* Tyson Chandler – NOH [C]: The Bulls must regret the decision to let Chandler go and replace him with Ben Wallace. Chandler out-produced Wallace last season at two-thirds the cost. He posted career highs in rebounds (12.4 rpg), points (9.5 ppg), field goal percentage (62.4 percent) and minutes (34.5 mpg). The offensive output was due in part to injuries to Stojakovic, West and Paul. Given a season of good team health and the addition of Peterson, and Chandler probably won’t repeat his scoring numbers. But even with less scoring, Chandler contributes well defensively and on the glass at both ends (4.4 offensive rpg, 1.7 bpg). He’s awful from the free throw line, but that’s a weakness of most centers and, relatively speaking, he will not hurt you. One note of minor caution: Chandler did participate with Team USA this summer, so fatigue could be a concern later in the season.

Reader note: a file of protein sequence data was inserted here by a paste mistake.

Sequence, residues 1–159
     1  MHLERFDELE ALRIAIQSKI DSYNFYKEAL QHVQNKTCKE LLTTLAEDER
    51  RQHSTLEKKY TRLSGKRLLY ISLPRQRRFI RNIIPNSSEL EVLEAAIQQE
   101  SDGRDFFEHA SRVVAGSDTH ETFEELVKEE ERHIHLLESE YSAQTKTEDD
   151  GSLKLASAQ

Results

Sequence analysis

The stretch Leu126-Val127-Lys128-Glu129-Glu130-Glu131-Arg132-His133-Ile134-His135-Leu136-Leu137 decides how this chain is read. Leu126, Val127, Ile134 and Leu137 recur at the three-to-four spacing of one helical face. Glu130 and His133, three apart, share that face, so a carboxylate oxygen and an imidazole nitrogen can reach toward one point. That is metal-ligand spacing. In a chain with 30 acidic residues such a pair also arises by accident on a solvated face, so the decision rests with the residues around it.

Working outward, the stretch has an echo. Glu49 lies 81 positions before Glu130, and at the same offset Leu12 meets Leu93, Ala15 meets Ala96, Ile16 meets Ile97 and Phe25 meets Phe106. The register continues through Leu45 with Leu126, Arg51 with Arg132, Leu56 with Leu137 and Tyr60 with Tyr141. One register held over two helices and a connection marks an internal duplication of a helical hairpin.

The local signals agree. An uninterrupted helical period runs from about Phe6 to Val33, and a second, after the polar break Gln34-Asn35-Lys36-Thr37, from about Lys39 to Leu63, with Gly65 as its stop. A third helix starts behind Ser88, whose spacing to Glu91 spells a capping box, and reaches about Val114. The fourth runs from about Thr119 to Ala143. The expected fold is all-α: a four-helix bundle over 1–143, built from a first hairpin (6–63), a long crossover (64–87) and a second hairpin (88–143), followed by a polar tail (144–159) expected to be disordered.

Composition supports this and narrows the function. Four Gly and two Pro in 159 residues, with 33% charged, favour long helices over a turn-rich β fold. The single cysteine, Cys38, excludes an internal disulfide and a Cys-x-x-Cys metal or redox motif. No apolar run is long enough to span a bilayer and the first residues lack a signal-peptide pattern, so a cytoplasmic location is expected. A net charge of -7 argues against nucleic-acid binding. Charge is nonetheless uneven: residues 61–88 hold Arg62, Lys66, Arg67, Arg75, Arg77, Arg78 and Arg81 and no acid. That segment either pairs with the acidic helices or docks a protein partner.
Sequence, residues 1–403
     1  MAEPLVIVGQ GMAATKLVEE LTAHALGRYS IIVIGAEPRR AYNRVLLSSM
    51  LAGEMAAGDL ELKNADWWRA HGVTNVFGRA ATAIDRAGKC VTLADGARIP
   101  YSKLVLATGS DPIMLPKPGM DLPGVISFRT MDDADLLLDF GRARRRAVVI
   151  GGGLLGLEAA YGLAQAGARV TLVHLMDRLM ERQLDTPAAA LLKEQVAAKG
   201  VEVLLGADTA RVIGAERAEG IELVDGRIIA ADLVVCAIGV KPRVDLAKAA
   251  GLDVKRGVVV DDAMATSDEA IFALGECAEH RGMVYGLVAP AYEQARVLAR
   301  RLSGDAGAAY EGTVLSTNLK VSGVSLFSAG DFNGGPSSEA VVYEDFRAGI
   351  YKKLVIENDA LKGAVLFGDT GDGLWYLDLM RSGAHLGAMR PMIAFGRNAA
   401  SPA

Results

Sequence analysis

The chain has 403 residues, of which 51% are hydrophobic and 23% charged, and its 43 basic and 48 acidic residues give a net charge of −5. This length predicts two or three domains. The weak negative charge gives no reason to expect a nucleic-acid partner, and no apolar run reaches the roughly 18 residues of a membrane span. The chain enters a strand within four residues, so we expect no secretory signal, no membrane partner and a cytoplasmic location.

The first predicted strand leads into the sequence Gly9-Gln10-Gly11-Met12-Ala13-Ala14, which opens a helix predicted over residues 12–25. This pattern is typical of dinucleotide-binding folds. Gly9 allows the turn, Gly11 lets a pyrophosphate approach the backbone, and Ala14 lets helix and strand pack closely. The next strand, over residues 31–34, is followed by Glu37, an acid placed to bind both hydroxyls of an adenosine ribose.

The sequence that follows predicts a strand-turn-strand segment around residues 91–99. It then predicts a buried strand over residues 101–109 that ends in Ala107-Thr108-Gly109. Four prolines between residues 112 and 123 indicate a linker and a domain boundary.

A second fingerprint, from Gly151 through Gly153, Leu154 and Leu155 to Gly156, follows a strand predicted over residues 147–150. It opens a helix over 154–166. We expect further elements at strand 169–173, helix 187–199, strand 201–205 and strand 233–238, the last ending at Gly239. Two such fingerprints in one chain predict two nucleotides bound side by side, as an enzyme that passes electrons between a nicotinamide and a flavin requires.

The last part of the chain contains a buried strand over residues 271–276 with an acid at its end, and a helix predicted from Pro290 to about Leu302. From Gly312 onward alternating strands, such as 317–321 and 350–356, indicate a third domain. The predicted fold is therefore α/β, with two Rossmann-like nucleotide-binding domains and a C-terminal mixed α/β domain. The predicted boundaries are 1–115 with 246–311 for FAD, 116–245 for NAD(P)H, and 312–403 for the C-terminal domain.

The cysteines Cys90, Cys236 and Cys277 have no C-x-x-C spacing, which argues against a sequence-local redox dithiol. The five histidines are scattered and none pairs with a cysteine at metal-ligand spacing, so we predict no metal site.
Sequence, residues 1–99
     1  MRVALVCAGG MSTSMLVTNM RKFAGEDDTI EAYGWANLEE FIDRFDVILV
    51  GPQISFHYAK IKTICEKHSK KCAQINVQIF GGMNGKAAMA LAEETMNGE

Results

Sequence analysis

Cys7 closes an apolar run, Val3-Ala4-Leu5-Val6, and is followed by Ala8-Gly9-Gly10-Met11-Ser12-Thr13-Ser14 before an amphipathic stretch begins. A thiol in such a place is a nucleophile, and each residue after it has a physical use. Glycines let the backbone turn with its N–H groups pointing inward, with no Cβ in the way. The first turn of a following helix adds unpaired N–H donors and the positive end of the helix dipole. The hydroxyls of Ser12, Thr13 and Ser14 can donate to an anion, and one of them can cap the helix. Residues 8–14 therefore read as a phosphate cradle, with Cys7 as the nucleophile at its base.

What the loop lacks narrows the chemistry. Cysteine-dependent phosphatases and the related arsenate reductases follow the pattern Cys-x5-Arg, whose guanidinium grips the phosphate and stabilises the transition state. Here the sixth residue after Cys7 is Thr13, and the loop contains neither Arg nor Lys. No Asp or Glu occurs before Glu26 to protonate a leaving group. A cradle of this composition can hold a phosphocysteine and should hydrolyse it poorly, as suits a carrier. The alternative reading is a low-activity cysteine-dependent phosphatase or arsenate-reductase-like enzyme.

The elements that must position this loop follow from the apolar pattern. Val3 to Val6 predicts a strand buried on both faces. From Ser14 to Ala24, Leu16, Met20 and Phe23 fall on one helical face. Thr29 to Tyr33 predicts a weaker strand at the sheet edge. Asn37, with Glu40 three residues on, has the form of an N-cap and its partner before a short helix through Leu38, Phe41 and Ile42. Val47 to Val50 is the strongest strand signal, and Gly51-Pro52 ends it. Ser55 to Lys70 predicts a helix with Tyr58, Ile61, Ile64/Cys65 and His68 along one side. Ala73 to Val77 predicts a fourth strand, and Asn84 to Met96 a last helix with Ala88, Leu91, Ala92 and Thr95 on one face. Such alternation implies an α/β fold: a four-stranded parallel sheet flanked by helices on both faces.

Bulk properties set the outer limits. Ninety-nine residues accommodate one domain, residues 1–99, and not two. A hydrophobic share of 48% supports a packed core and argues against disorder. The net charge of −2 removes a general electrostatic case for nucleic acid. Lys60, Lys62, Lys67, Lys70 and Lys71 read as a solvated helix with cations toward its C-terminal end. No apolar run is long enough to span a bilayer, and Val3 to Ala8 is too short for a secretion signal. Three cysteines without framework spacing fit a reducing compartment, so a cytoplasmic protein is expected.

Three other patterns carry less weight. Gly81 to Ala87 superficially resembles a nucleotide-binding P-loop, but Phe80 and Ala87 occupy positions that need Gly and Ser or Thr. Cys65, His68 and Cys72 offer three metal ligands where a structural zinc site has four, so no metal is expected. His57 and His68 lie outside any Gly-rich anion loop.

Hilton Armstrong – NOH [PF,C]: Armstrong showed very little in his rookie season and doesn’t have the confidence of coach Byron Scott yet. The club signed veteran Melvin Ely to back up Chandler at center, so Armstrong will have another season of limited playing time. He’s got a decent offensive game and is a good shot-blocker, but Armstrong’s not a fantasy contributor just yet.

Melvin Ely – NOH [PF,C]: The Hornets will be Ely’s fourth team in a five-year NBA career. He’s a good scorer in the low post and can play defense while giving New Orleans a veteran backup in the paint. He’ll serve as the Hornets’ primary backup at center and power forward and could get 20 minutes a night.

POWER/SMALL FORWARD